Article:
fuel flow at high rpms but no throttle in a car

Matt13C

Well-Known Member
I know this is not aviation related but thought it might get more attention here from people who might know.

I was driving home from work in stop and go. I would get to second gear then go to neutral and brake, thinking that if I engine brake I am wasting gas. But am I?

In a plane when you pull the throttle the engine goes to idle. But in a car, if still in gear, the engine will run down slower, but does fuel flow go to idle or will it decrease with RPMs?
 

Minuteman

“Dongola”
does fuel flow go to idle or will it decrease with RPMs?
On fuel injected cars, the computer knows the load on the engine and sets the injector duty cycle as needed.

At idle, and above a certain RPM, the injectors will shut off completely. So coasting in neutral may use more fuel than allowing the wheels to backdrive the engine at a higher RPM.

As always (almost), what's good for fuel economy is not-so-good for the mechanicals.
 

ppragman

FLIPY FLAPS!
On fuel injected cars, the computer knows the load on the engine and sets the injector duty cycle as needed.

At idle, and above a certain RPM, the injectors will shut off completely. So coasting in neutral may use more fuel than allowing the wheels to backdrive the engine at a higher RPM.

As always (almost), what's good for fuel economy is not-so-good for the mechanicals.

:yeahthat:

The only time I down shift is to help in the braking process when its slick out.
 

Barty

Well-Known Member
I just leave it in gear and take my foot off the gas when I'm coming up to stop signs or traffic lights. I will downshift when going downhill or just before taking a turn since I know I'll need the lower gear when accelerating back out of the turn.

If the computer didn't shut off the fuel when the throttle was closed and the car was still moving, the exhaust would get loaded up with raw fuel, which could cause a nasty backfire when you get back on the throttle, potentially damaging the catalytic converters and muffler. In addition, as manifold pressure decreases, fuel required decreases, sometimes lower than the minimum pulse width of the fuel injectors. Along with the over-rich condition I described above, the excess fuel can also end up running down the cylinder walls, diluting the oil and causing premature wear to the cylinders.

Now you know...
 

WalterSobchak

Well-Known Member
On fuel injected cars, the computer knows the load on the engine and sets the injector duty cycle as needed.

At idle, and above a certain RPM, the injectors will shut off completely. So coasting in neutral may use more fuel than allowing the wheels to backdrive the engine at a higher RPM.

As always (almost), what's good for fuel economy is not-so-good for the mechanicals.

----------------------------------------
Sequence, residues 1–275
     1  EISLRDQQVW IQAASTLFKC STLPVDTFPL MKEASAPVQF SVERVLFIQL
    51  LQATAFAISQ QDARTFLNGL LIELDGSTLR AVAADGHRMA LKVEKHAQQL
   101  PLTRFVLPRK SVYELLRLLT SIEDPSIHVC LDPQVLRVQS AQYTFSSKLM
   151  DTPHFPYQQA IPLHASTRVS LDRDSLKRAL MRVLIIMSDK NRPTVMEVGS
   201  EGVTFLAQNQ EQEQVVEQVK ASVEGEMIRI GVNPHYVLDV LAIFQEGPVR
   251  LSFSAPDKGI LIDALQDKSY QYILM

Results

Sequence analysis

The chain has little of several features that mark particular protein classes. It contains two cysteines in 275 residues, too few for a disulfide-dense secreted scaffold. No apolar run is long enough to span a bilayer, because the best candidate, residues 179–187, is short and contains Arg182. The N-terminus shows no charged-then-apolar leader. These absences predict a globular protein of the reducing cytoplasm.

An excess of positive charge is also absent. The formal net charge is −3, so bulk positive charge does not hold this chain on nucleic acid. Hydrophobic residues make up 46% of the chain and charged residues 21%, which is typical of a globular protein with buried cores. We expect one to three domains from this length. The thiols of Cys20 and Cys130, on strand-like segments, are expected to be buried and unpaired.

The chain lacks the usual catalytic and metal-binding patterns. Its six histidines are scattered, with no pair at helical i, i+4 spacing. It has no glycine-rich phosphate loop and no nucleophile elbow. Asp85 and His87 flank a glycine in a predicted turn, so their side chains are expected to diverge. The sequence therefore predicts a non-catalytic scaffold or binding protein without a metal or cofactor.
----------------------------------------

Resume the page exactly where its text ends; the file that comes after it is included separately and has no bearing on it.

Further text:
Confirmed or you read this months Car and Driver.
 

Matt13C

Well-Known Member
On fuel injected cars, the computer knows the load on the engine and sets the injector duty cycle as needed.

At idle, and above a certain RPM, the injectors will shut off completely. So coasting in neutral may use more fuel than allowing the wheels to backdrive the engine at a higher RPM.

As always (almost), what's good for fuel economy is not-so-good for the mechanicals.
Great.

I tend to not down shift, unless I am going around a turn, in which case I rev match to minimize engine braking and wear/tear on the clutch. I think that is why I have kept the stock clutch on my car to 34k when most people with the car had it go at around 12k.

I was trying to figure out if it is better to allow the car to engine brake or actually use the brakes sooner. I am chewing through my brakes/rotors and do not feel like replacing them any time soon.

Thanks for all the input!! :nana2:
 

OldTownPilot

Well-Known Member
What sort of car goes through clutches every 12k miles?

I've driven my car 43k since i've got it and it now had 113k and still on its first clutch.

Tires, body panels and paint on the other hand........
 

SteveC

Really?
Staff member
I just sold my '96 Jetta with 187,000 miles on it. Still had the original clutch.
 

Matt13C

Well-Known Member
Mitsubishi Evo....they made the clutches soft to protect the trans.

They gave the car a two step launch control. Instead of replacing transmissions under warranty, they made a clutch that would burn up. Once you put in grippier aftermarket clutch to get the power to the wheels, the warranty is voided.

I didnt buy the car to drag race, it is just fun to drive on twisty roads. But it requires some babying of the clutch and perfecting the heel toe to keep it going strong this long.
 

PGT

Well-Known Member
No downshifting to slow down will not have a bad affect on your clutch, unless you're driving aggressively. I asked a few other car guys what they think and they agreed that it will not damage a clutch.

I did this EVERY time I came to a stop for 2 years (as well as tons of launches, including three 7k RPM clutch drops) and nothing wrong with the clutch.
 

wheelsup

Well-Known Member
If you downshift it's probably a good idea to double clutch it. The clutch on my Jetta is still good but the syncros are fubar'd. We've had it for 20k miles and got it like that, the previous owner must've done something wrong. My wife and I have owned manual cars and put tens of thousands of miles on them and never had anything fail or syncros go out. That or the Jetta is just a POS, but that's pretty well known.
 

Matt13C

Well-Known Member
No downshifting to slow down will not have a bad affect on your clutch, unless you're driving aggressively. I asked a few other car guys what they think and they agreed that it will not damage a clutch.

I did this EVERY time I came to a stop for 2 years (as well as tons of launches, including three 7k RPM clutch drops) and nothing wrong with the clutch.
No it wont damage the clutch, it just adds wear and tear to it. Even if you rev match it is still engaging so you are wearing a small amount off. I choose not to do it unless I have to knowing the clutch is the weak point in the drivetrain.

I was thinking along the lines of fuel savings vs the cost of new rotors pads. If letting the engine run down in gear does not use fuel and slows me down it is win win, save gas and brake pads.